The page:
Politicians of whatever stripe seem to want to associate themselves with “technology”. It was then British Labour Party leader – and Opposition leader – Harold Wilson who 57 years ago gave the speech where he talked of the new economy he looked to, referring to the “white heat of technology”. Perhaps it was the same in the 19th century too, but we certainly see and hear a lot about it in 21st century New Zealand. The economy continues to underperform, while same strange alliance of industry lobbyists and politicians want to talk up “technology” and so-called technology industries. I don’t think there is much difference between National and Labour on this one, but National is in Opposition, and yesterday Judith Collins was at it again.
As reported here, she wants to “double New Zealand’s technology sector in a decade, and specifically to double “New Zealand’s technology exports” to “$16 billion by 2030”, complete with talk of the sector being bigger than dairy 10-15 years hence.. Oh, and there was lots of money being flung around, and to top it all off National is promising a Minister for Technology. Presumably, that will be just one more title some other Minister would add to his or her list and – for better or worse – MBIE would carry on providing policy advice much as it does now.
Much of the political rhetoric in this area is fuelled by the annual TIN (“Technology Investment Network) report, a collaboration between MBIE and some private sector groups with an interest in talking up the sector. I took a sceptical look at this report in a post back in 2017. They seem to be the source of the idea that “technology exports” are currently around $8 billion per annum – the sort of line that led former minister in the current government, Clare Curran, to suggest a year or two back that technology was now our third largest export.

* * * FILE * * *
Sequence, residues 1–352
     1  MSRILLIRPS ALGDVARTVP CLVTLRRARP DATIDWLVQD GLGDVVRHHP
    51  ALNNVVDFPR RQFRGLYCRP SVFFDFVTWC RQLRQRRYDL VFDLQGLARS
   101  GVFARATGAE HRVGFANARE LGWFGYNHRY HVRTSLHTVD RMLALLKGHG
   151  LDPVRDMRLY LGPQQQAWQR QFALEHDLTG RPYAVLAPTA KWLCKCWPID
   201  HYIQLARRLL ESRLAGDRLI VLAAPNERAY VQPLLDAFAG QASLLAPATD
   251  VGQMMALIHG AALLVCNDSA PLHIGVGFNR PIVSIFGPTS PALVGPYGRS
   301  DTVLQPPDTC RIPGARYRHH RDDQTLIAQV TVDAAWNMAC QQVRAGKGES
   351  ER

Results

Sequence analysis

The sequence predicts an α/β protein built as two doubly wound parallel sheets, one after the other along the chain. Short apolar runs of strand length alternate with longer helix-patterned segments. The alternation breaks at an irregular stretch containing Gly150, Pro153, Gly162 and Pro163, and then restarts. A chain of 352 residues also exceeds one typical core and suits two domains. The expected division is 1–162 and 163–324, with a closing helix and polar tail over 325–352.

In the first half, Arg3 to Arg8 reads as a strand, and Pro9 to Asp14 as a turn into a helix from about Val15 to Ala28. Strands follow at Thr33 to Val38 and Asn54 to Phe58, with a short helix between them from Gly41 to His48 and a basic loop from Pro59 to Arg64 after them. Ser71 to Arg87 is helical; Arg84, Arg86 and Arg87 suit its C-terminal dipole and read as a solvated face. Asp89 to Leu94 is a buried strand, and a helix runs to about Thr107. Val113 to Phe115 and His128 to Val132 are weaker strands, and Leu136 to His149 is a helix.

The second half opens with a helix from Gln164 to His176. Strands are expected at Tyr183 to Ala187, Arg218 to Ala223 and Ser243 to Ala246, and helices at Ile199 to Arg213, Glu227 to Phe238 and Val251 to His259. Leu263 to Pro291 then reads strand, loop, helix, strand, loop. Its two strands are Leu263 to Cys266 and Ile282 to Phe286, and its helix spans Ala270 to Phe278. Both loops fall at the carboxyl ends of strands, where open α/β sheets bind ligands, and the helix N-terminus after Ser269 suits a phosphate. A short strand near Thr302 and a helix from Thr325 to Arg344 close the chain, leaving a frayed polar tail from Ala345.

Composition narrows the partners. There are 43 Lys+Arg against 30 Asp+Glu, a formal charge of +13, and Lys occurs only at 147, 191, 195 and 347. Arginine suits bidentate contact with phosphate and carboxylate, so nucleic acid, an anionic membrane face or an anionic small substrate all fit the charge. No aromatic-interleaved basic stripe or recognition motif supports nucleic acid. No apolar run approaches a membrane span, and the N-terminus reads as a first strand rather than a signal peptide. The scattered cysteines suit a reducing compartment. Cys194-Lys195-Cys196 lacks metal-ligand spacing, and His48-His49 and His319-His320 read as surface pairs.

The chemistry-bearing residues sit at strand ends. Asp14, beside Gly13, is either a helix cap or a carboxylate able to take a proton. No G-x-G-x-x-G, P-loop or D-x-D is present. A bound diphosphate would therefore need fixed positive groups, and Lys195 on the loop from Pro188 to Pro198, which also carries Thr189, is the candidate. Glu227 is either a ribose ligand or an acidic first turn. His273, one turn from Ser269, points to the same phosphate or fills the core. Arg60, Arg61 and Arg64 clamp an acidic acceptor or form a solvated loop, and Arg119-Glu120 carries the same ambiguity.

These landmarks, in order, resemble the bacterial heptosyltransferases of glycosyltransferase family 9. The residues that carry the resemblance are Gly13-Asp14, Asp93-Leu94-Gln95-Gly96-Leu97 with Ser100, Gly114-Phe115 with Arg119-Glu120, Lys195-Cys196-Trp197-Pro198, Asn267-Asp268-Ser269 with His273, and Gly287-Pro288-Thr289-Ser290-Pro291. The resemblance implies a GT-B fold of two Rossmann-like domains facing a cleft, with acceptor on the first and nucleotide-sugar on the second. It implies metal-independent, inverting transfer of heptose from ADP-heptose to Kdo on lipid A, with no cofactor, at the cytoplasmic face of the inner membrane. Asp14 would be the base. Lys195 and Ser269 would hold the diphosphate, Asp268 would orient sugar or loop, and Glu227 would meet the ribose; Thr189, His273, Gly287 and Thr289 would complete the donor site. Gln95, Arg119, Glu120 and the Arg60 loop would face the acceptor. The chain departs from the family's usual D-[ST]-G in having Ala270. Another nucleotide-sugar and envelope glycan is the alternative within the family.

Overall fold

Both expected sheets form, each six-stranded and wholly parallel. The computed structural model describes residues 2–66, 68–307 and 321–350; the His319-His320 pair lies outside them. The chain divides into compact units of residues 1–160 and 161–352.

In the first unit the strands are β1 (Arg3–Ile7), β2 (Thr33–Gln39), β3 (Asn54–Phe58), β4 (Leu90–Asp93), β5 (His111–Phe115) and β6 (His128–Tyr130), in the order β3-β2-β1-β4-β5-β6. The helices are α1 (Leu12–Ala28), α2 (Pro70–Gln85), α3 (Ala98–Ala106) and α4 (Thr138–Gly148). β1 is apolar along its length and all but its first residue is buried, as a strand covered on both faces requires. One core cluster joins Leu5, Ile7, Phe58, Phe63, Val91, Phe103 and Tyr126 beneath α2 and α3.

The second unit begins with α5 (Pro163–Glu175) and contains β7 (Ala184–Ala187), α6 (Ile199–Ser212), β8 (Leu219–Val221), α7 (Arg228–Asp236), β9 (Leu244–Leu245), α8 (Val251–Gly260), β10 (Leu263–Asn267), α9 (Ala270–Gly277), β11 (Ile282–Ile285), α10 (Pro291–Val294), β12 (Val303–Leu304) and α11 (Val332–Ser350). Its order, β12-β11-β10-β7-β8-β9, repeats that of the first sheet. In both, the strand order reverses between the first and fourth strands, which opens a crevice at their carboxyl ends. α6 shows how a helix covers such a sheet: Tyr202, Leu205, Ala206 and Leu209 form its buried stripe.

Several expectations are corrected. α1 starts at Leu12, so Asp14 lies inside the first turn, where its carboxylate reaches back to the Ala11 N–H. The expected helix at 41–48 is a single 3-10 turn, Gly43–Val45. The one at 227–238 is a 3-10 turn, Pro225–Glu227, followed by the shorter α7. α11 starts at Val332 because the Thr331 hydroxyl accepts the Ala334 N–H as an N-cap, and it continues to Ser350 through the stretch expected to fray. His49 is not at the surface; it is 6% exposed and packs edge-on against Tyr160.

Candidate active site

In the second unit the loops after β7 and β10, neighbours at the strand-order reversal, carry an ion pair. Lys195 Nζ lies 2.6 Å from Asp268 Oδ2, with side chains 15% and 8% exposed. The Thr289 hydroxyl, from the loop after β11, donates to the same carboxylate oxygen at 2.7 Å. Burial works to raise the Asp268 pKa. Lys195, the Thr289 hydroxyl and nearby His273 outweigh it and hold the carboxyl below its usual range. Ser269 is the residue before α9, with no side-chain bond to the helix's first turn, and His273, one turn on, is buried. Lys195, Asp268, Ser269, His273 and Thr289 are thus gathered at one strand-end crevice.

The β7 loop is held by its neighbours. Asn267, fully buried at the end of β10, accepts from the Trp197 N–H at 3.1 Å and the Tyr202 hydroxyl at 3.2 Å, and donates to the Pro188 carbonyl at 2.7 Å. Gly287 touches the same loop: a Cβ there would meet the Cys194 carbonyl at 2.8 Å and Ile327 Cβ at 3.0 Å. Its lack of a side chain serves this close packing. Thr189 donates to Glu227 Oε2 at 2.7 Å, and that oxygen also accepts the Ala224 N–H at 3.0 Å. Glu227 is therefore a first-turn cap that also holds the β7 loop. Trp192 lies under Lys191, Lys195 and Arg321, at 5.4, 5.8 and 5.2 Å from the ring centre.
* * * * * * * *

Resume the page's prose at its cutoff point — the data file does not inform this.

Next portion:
But the $8 billion (or thereabouts) is not a measure of exports from New Zealand – and certainly not in the sense that any serious economic analyst or national accounts statistician would recognise. Rather, it is the total foreign sales of the group of companies the TIN report put on their list. Exports, by contrast, are things produced the country concerned. ANZ is an Australian-owned and controlled bank, with significant operations in New Zealand. Last year its total revenue in New Zealand was about $7 billion, but no one thinks of that – or counts it as – an Australian export. But that is the sort of thing the TIN people lead people to do – TIN themselves tend to draft a little more carefully, but in ways that they know will lead people to talk of this revenue as somehow New Zealand exports. Last time I looked, for example, both Fisher and Paykel Appliances and Fisher and Paykel Healthcare were on the list. The former is not even New Zealand owned any more and both companies have substantial overseas operations – Healthcare, for example, does much of its manufacturing in Mexico, selling into the US. That makes it a successful New Zealand business, but those sales from Mexico to the US are Mexican exports not New Zealand ones.
It is difficult to get any sort of precise sense of the scale of (what one might reasonably think of us) “technology” exports from New Zealand, not least because technology is embedded, to a greater or less extent, in so much that is sold, whether locally or internationally.